ASA adds appendix to CAP Code about video-sharing platforms, CDEI publishes roadmap to catalyse development of AI assurance ecosystem, ICO fines Virgin Media Limited for direct marketing emails, ICO publishes paper on end-to-end encryption, Patents Court holds Optis mobile phone patents invalid for obviousness and more in this week’s round-up of UK, EU and international techlaw news developments not covered elsewhere on the SCL website.
ASA adds appendix to CAP Code about video-sharing platforms
Ofcom has announced that it has published its final guidance on video sharing platforms. The ASA has now announced that the way it regulates advertising on some video-sharing platform (VSP) services will be changing. It has been designated by Ofcom as the co-regulator for VSP-controlled advertising appearing on UK-regulated VSP services. A new Appendix has been included in the UK Code of Non-broadcast Advertising and Direct & Promotional Marketing (the CAP Code), which will apply to aspects of advertisements on VSP services that are subject to statutory regulation under the Communications Act 2003 (as amended). The Appendix sets out rules reflecting the new statutory requirements. The Appendix does not introduce new requirements for VSP advertising: VSPs are already required, under law, to comply with them and the Appendix is consistent with the principles of the CAP Code. Adding these requirements to an Appendix of the CAP Code means that the ASA can take action on suspected breaches against the VSP provider and without the need to refer to Ofcom to use its statutory enforcement power, although the ASA can refer serious or repeated issues to Ofcom.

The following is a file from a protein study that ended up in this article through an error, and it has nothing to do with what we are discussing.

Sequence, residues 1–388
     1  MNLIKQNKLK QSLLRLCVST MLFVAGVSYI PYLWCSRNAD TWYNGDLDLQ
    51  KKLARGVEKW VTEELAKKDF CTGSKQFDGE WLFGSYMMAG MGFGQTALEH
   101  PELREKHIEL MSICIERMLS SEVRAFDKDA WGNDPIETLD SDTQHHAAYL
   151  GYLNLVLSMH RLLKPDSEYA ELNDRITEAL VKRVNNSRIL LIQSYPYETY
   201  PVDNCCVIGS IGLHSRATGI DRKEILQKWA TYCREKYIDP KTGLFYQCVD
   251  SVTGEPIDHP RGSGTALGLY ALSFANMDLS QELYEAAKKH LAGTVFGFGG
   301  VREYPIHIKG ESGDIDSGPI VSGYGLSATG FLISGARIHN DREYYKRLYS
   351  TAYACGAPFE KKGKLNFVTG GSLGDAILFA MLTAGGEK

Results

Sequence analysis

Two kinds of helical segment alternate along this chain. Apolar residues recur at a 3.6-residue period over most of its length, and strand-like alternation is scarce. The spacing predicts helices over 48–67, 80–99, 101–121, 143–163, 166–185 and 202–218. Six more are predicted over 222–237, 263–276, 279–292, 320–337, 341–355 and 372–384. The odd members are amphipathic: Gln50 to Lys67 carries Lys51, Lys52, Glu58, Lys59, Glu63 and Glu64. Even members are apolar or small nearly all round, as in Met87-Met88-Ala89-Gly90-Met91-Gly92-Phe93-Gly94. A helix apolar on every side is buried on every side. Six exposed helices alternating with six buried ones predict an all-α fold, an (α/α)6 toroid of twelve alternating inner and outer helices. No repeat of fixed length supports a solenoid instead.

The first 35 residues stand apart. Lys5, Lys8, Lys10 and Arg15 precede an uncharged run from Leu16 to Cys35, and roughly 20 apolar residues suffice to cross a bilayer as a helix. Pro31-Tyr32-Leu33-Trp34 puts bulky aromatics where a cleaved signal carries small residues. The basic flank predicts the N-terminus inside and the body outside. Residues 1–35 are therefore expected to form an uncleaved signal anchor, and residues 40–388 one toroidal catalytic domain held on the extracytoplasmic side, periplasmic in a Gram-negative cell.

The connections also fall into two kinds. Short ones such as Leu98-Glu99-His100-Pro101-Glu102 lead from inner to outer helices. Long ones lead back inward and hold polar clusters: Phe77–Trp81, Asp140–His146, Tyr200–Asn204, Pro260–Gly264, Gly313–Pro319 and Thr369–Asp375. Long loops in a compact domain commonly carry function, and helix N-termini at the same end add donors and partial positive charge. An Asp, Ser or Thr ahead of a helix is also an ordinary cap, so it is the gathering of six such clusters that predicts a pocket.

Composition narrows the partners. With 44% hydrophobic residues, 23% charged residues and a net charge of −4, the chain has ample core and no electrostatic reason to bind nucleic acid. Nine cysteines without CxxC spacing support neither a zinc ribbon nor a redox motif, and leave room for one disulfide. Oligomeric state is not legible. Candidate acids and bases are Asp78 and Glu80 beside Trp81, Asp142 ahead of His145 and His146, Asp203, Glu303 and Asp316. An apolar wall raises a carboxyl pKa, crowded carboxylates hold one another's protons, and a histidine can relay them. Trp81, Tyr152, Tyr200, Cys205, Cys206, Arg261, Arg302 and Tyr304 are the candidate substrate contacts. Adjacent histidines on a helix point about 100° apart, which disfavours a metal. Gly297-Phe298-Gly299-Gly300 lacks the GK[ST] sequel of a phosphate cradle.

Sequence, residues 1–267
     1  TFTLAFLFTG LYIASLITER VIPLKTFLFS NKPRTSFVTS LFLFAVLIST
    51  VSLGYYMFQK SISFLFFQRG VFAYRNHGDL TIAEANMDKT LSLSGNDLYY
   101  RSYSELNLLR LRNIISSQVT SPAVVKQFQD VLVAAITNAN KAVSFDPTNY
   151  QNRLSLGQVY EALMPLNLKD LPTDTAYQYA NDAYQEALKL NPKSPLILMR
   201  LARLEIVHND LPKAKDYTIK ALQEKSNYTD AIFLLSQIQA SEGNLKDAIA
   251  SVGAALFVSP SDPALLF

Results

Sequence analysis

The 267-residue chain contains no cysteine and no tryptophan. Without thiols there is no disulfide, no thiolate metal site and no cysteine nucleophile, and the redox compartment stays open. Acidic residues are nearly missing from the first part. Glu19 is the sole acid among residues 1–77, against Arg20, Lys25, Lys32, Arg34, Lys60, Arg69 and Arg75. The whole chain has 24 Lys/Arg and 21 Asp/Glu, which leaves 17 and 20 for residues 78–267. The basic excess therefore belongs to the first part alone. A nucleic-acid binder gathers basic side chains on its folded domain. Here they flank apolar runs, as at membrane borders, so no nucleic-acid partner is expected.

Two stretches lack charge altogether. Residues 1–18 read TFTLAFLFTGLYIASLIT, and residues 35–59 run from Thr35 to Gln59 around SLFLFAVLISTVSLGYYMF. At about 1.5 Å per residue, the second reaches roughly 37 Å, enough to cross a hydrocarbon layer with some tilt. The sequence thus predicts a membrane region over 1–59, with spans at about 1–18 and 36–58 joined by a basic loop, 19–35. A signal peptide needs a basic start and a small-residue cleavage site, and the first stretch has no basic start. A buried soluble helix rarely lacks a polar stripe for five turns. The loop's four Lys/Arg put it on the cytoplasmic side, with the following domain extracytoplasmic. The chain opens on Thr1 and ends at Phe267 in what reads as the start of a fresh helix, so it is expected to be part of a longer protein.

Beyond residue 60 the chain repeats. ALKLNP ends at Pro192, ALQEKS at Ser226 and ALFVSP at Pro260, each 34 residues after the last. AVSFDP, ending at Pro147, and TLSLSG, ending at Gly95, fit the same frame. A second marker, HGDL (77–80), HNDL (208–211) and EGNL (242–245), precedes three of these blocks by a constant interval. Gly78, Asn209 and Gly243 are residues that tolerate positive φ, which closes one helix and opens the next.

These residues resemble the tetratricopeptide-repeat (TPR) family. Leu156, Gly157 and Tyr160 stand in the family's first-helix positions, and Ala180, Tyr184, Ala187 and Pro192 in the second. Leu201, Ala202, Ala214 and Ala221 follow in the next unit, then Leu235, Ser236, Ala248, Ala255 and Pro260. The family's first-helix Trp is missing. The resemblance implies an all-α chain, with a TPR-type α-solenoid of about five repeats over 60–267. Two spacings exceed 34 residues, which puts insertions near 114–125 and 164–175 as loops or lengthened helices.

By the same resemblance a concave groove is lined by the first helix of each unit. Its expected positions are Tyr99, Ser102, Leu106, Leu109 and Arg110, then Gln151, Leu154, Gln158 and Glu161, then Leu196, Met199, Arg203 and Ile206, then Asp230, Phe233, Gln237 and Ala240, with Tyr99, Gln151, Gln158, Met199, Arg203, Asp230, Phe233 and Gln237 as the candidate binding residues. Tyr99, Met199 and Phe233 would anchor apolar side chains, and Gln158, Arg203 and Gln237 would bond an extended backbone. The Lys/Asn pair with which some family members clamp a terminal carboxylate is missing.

CDEI publishes roadmap to catalyse development of AI assurance ecosystem
The Centre for Data Ethics and Innovation has set out the steps required to build an AI assurance ecosystem in the UK.
The roadmap, which was a commitment in the UK’s National AI Strategy, follows calls from public bodies including the Committee on Standards in Public Life, and industry, to build an ecosystem of tools and services that can identify and mitigate the range of risks posed by AI and drive trustworthy adoption. It addresses one of the biggest issues in AI governance identified by international organisations including the Global Partnership on AI, OECD and World Economic Forum. Assurance services, like audit, certification and impact assessments, are common in other sectors, such as financial services and cybersecurity. However, assurance services for AI are currently relatively undeveloped. The roadmap sets out the roles and responsibilities of different stakeholders, and identifies six priority areas for action: generate demand for reliable and effective assurance across the AI supply chain, improving understanding of risks, as well as accountabilities for mitigating them; build a dynamic, competitive AI assurance market, that provides a range of effective services and tools; develop standards that provide a common language for AI assurance; build an accountable AI assurance profession to ensure that AI assurance services are also trustworthy and high quality; support organisations to meet regulatory obligations by setting requirements that can be assured against; and improve links between industry and independent researchers, so that researchers can help develop assurance techniques and identify AI risks.
ICO fines Virgin Media Limited for direct marketing emails
In August 2020, Virgin Media sent 451,217 “Price Freeze” ‘service emails’, which included a Marketing Preference Reminder, to customers who had opted out. One complaint received by the ICO described the email as “a service message dressed up as an attempt to get me to opt back in to marketing”. The ICO found that Virgin Media transmitted those direct marketing messages and issued a monetary penalty notice for £50,000 for a serious contravention of Regulation 22 of the Privacy and Electronic Communications (EC Directive) Regulations 2003.
ICO publishes paper on end-to-end encryption